Bodied

[3 stars]

If 8 Mile and Straight Outta Compton attempted to have a screwball comedy offspring, this might be the result. Bodied lives in the odd cross-hatched zone between its dedicated audience and explaining itself to the rest of the world. And somehow it works. It is loaded with moments both funny and painful, and builds to an inevitable climax that is as gripping as it is tragic. What it lacks, in the end, is, well, an end. It gets to its point and then sort of just stops (if admittedly on a musical joke).

Director Joseph Kahn (Detention) is well known for his music videos. This story, which he conceived of as well, plays into his strengths on that point. But Alex Larsen’s script based on that idea doesn’t always live happily with Kahn’s choices. The opening, for instance, is choppy and distancing. And while several of the characters come across as genuine, others are absurdly broad. It is all presented through a particular lens, but it makes for an uneven picture.

Calum Worthy (Rapture-Palooza) owns this story with a solid assist by Jackie Long. The two play off each other well. Adding to the on-screen posse are a motley and talented crew: Jonathan Park, Walter Perez (Queen Sugar), and Shoniqua Shandai (I Am the Night).  Anthony Michael Hall (Foxcatcher) is probably the oddest surprise in the movie, casting-wise. It isn’t a great, or even warm, performance, but he pulls it off. There are a ton of known rapper faces throughout as well.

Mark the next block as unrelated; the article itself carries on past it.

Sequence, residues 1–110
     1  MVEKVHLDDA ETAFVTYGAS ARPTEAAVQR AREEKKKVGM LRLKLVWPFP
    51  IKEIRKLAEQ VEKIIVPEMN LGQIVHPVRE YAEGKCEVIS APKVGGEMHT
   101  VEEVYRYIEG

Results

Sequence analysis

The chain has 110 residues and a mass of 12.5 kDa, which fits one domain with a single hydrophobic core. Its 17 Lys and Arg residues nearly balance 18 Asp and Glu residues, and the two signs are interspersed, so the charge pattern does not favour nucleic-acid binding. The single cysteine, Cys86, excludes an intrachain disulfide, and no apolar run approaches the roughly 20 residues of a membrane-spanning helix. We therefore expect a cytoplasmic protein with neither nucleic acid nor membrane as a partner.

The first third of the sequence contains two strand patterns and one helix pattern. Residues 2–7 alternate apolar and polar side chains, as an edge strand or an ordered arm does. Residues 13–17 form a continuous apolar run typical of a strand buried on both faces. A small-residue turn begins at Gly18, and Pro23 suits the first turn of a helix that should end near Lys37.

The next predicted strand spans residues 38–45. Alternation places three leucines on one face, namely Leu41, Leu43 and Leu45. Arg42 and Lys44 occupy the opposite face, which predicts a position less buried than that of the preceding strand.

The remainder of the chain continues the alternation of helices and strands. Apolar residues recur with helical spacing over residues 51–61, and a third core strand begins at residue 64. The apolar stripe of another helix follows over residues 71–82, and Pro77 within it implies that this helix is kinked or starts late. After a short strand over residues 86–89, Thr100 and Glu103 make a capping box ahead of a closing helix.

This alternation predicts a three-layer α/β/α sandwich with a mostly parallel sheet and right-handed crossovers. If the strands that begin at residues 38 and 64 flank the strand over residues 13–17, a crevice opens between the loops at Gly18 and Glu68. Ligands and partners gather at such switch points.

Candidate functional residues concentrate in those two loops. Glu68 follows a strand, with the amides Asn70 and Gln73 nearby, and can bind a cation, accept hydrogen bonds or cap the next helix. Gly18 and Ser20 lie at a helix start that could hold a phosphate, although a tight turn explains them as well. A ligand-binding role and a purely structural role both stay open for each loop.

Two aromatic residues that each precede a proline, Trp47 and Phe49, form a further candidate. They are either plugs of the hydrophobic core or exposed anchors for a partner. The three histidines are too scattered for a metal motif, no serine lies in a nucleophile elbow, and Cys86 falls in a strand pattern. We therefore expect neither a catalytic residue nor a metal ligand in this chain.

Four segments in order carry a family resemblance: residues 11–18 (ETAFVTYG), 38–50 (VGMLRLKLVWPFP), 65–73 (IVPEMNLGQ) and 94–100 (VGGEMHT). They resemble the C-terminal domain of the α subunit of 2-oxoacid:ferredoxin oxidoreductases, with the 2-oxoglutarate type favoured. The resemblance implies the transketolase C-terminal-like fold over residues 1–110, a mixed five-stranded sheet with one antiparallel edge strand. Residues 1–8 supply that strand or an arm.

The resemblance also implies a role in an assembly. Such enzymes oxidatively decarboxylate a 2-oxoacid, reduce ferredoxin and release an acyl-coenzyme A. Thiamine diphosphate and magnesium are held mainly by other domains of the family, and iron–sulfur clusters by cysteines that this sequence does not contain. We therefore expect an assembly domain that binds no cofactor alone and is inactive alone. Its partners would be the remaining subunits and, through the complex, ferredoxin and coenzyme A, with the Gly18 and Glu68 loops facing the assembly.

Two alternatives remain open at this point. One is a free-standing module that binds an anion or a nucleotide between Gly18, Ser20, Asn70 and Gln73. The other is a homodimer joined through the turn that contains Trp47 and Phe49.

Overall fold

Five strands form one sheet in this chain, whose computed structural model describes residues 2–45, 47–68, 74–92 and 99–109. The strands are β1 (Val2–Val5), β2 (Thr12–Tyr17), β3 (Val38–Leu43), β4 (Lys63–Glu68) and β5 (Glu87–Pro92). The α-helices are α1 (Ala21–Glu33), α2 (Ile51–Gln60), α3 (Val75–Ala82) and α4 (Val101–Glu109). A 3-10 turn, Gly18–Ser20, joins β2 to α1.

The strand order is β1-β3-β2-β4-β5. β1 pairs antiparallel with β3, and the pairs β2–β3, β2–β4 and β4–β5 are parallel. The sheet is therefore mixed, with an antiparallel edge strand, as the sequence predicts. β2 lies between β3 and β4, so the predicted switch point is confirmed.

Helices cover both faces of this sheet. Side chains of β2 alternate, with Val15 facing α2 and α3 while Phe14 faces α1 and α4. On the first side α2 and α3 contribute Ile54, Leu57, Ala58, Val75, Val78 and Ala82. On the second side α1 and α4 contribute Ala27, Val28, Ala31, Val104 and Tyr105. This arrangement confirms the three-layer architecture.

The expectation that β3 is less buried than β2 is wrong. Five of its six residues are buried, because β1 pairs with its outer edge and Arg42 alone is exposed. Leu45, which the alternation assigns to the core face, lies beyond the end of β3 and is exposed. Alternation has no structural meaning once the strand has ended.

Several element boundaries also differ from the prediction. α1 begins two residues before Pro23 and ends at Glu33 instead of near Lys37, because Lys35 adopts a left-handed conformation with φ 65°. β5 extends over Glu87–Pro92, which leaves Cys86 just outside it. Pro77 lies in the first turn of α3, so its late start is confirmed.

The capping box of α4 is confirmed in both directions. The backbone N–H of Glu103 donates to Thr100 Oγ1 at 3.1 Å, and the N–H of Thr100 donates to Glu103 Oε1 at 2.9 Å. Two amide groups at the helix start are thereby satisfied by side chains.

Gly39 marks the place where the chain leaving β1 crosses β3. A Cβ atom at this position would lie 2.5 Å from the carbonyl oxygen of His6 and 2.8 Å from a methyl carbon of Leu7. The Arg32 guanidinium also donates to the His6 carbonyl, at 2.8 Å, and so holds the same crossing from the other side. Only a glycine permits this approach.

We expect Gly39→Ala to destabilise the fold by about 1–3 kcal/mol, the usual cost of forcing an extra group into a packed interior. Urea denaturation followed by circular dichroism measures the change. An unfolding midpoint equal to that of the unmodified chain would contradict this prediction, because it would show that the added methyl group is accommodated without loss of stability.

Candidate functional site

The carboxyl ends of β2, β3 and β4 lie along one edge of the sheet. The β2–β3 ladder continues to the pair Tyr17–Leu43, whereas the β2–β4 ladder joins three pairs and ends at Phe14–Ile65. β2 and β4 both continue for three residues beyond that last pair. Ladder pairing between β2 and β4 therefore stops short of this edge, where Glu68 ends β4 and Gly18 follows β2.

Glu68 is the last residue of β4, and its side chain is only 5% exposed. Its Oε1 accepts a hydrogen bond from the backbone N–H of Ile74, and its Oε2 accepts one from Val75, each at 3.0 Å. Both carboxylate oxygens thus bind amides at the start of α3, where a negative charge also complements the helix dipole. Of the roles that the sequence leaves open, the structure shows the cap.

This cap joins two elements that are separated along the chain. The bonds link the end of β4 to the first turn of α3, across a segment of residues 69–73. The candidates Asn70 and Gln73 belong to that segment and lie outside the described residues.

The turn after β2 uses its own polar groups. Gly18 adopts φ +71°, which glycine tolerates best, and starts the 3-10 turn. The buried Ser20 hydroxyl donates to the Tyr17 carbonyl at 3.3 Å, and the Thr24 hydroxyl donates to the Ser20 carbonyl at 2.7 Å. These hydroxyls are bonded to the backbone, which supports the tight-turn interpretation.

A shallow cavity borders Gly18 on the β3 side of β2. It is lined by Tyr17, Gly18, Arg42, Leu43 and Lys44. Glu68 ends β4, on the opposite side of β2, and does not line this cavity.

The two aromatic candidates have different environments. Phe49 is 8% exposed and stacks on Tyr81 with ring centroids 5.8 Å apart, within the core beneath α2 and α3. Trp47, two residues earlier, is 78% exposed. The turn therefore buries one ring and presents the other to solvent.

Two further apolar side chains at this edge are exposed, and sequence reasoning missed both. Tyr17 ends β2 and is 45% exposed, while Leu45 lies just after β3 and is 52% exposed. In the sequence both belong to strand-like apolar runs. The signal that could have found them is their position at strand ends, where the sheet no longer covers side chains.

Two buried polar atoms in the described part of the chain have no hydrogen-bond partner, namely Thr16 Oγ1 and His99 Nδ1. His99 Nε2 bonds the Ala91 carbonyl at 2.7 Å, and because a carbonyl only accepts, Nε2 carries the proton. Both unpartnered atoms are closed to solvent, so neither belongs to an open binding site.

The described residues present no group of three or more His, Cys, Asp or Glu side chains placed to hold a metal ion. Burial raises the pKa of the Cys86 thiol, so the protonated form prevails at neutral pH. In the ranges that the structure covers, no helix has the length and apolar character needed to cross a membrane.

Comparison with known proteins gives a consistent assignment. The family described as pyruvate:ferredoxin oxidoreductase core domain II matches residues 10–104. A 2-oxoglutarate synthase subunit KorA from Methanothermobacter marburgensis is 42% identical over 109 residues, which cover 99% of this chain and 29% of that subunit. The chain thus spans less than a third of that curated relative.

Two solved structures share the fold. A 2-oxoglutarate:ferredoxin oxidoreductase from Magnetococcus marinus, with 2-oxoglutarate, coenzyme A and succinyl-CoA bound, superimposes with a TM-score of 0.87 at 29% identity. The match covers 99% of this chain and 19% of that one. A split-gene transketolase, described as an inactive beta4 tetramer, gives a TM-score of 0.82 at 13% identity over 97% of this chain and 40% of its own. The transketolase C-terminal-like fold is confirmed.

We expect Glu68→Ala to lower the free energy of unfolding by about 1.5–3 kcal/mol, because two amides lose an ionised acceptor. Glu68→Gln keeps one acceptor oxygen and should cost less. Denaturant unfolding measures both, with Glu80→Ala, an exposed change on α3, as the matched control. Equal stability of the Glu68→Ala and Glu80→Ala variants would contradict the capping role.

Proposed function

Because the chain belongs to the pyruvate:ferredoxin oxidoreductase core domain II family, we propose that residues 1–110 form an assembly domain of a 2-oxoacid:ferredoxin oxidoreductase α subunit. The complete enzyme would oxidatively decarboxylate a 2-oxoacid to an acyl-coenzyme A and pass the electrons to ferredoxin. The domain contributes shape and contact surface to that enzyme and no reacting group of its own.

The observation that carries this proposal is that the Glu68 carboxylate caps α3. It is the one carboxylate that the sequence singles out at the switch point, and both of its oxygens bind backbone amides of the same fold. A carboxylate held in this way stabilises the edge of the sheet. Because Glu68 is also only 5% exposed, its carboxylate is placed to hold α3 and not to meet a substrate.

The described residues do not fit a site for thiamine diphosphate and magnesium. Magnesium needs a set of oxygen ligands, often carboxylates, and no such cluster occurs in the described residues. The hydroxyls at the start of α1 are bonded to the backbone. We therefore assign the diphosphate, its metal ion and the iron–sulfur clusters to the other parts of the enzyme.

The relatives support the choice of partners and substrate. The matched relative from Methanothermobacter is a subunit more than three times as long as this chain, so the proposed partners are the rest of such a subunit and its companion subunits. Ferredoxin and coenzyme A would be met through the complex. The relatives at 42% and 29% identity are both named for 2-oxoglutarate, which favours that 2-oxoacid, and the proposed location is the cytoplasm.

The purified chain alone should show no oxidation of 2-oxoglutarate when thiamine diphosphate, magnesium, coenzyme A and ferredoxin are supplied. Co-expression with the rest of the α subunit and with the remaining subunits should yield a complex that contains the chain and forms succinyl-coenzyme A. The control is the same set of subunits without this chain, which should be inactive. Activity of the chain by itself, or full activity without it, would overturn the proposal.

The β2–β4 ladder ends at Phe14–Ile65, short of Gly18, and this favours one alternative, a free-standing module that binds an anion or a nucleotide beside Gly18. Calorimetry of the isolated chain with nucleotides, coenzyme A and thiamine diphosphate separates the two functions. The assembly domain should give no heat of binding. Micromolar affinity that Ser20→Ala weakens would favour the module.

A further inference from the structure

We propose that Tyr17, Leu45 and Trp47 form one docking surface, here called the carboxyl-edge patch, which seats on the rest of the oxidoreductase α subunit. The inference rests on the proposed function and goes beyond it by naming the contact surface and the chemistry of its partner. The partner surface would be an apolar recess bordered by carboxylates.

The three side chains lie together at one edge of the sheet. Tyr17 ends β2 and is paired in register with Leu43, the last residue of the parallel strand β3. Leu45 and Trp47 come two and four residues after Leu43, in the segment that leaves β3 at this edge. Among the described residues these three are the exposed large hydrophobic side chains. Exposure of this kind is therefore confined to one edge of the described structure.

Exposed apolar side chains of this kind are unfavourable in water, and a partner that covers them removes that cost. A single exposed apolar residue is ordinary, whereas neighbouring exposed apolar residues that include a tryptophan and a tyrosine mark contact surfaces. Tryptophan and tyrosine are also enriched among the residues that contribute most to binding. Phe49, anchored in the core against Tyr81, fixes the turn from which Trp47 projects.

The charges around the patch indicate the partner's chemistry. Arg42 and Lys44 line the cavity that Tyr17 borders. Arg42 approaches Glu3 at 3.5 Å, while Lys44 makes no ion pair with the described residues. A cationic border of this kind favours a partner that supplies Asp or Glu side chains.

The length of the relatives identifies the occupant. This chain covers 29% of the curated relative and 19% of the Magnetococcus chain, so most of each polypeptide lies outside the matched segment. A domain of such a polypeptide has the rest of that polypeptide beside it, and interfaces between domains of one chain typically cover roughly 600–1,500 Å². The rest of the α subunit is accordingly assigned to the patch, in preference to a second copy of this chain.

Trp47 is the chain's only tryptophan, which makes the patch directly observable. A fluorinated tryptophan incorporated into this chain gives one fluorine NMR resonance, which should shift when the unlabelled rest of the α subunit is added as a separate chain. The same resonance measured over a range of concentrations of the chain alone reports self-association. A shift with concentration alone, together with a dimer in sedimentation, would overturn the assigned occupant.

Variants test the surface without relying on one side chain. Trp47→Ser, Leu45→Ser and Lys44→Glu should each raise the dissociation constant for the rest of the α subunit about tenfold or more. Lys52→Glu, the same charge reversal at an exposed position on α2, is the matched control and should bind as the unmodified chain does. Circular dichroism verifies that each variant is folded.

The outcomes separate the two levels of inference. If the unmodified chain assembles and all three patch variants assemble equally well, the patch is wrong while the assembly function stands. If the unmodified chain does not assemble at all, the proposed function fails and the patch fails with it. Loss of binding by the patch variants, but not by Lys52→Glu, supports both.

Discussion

But, be warned, like the roots of the tale, it is purposefully offensive. It is intended to raise ire and blood-pressure. But it manages to build it all into the story and provide a context. It even manages to force you to examine your own reactions and thoughts. It’s still a bit of a clunky film, but it definitely is more than the sum of its parts.

Bodied

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